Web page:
JRF"s #47 - The Cup and the Glory by Greg Harris

This book wins the best book with the ugliest cover award.  This book came out of an exceptionally dark season in Dr. Harris life in which he was compelled to mine the Scriptures' teaching on suffering.  What resulted is a deeply doxological, practical, and theological work that is both challenging and encouraging to those who are suffering or trying to comfort those who are.

Harris' main discovery and thesis is that throughout Scripture the cup of suffering always precedes the experience of God's glory.  If we would seek to taste God in His glory, we must not be surprised when we first must share in His sufferings.

The strength of this book lies in the exegetical depth and excellence which Dr. Harris brings to the passages he explores, specifically the Gospel accounts of Peter's ups and downs as well as the corresponding passages in his epistles.  I also appreciated his candid accounts of his own struggles and how these truths were sowed in his soul and bore healing fruit.

The weakness of this book was that it often went simultaneously so broad and so deep that the scent of the main trail was often lost and only regained with much difficulty.  Perhaps this reflects my limited perspective and ability to make theological connections more than Dr. Harris's writing.

I would rate this book as a more theologically weighty and exegetical but not as well written version of John Piper's Spectacular Sins.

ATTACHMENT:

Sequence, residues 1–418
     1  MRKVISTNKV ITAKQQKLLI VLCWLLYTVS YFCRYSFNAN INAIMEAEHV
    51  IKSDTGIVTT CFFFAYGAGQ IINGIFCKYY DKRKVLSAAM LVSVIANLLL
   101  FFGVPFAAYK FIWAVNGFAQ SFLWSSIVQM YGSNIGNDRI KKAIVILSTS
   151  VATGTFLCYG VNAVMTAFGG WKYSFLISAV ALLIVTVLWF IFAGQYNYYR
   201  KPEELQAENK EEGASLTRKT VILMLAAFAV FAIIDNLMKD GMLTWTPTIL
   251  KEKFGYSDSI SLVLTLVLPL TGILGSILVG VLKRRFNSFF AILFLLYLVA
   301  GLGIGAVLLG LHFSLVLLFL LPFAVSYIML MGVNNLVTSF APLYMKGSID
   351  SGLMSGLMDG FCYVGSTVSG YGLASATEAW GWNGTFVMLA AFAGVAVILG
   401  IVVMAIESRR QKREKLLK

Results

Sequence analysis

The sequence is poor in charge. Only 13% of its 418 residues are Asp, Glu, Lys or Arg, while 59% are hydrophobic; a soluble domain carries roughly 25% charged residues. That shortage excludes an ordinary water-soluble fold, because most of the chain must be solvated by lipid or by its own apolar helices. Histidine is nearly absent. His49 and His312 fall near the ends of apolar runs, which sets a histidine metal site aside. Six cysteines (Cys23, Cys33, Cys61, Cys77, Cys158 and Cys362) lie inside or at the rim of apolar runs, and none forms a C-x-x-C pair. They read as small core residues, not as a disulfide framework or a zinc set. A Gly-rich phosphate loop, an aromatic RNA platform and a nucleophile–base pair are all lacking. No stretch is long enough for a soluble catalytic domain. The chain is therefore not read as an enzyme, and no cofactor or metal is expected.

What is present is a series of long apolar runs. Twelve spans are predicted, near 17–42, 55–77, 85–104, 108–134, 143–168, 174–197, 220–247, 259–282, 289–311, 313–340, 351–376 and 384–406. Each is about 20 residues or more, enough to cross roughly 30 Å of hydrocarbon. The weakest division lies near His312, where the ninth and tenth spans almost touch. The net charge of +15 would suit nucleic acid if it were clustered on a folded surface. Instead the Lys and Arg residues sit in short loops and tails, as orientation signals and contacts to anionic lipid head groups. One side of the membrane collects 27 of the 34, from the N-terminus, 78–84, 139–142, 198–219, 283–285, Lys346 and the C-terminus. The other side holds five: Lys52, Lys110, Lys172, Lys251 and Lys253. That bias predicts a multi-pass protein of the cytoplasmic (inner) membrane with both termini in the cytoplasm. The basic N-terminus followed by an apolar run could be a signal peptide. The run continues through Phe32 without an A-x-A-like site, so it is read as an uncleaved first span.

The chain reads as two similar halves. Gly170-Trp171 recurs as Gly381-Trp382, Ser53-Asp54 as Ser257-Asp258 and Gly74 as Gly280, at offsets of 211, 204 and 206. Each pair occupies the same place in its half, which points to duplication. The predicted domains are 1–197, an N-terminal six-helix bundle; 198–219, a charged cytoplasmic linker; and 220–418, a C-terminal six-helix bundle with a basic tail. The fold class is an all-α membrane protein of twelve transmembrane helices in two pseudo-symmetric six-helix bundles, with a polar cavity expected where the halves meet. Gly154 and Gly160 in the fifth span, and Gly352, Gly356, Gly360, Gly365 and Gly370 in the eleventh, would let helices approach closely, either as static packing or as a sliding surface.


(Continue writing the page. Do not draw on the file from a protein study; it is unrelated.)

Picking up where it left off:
When you humble yourself, you abandon all other sources for hope except for God."




Jim's #24: A Place of Healing by Joni Eareckson Tada

If you aren't familiar with Joni Eareckson Tada's life story, you should remedy that.  Talk about someone making the most out of her disability to the glory of God and the good of millions of people worldwide.  A diving accident in 1967 left Joni paralyzed from the neck down for the past 43 years.  Since then she has become an internationally known mouth artist, accomplished vocalist, hosts her own radio show, and started Joni & Friends, an organization which provides wheelchairs to handicapped persons in third world countries.

Joni has grown to appreciate her disability over the years and see God work in miraculous ways through it.  Because of this, she is able to whole-heartedly thank God for making her a quadriplegic, an incredible healing in itself.  As she writes this book, however, Joni is faced with arguably an even more ominous foe: chronic, debilitating, unrelenting pain.  The pain relievers she is on barely dull it and her husband is forced to come in numerous times a night to help her roll over, providing a fleeting moment of comfort.

Every once in a while I like to listen to an audio book on my commute to and from work, and I am thrilled that I decided to choose this one to listen to.   Most people going through situations like this will write about it years after the event, allowing them to properly reflect on the difficult time.   But Joni decided to write it during her battle with chronic pain, and even record the audio book herself.  What a blessing this was to the listener.  She was only able to do portions at a time before the pain became too great, and you could hear it at times in her voice.  This made the points she was driving home on the sufficiency of God in suffering all the more believable, as there was not a hint of hypocrisy in her voice.  She also quotes many hymns in her book and sings them for you in her beautiful voice on the book--another treat!

I often find myself wondering how my faith would sustain me if I were to face something like Joni.  Would I be able to stand through it and see God's hand in it all or would I falter.  Hearing Joni's story makes me all the more confident in my God and helps me appreciate the biblical doctrine of suffering and the hope found there-in.  One day all those in a wheelchair who love Jesus will receive new, glorified bodies free of any ailment or handicap.  I'm guessing that they will have a greater appreciation for these bodies than I will... and I pray that helps sustain them in the present.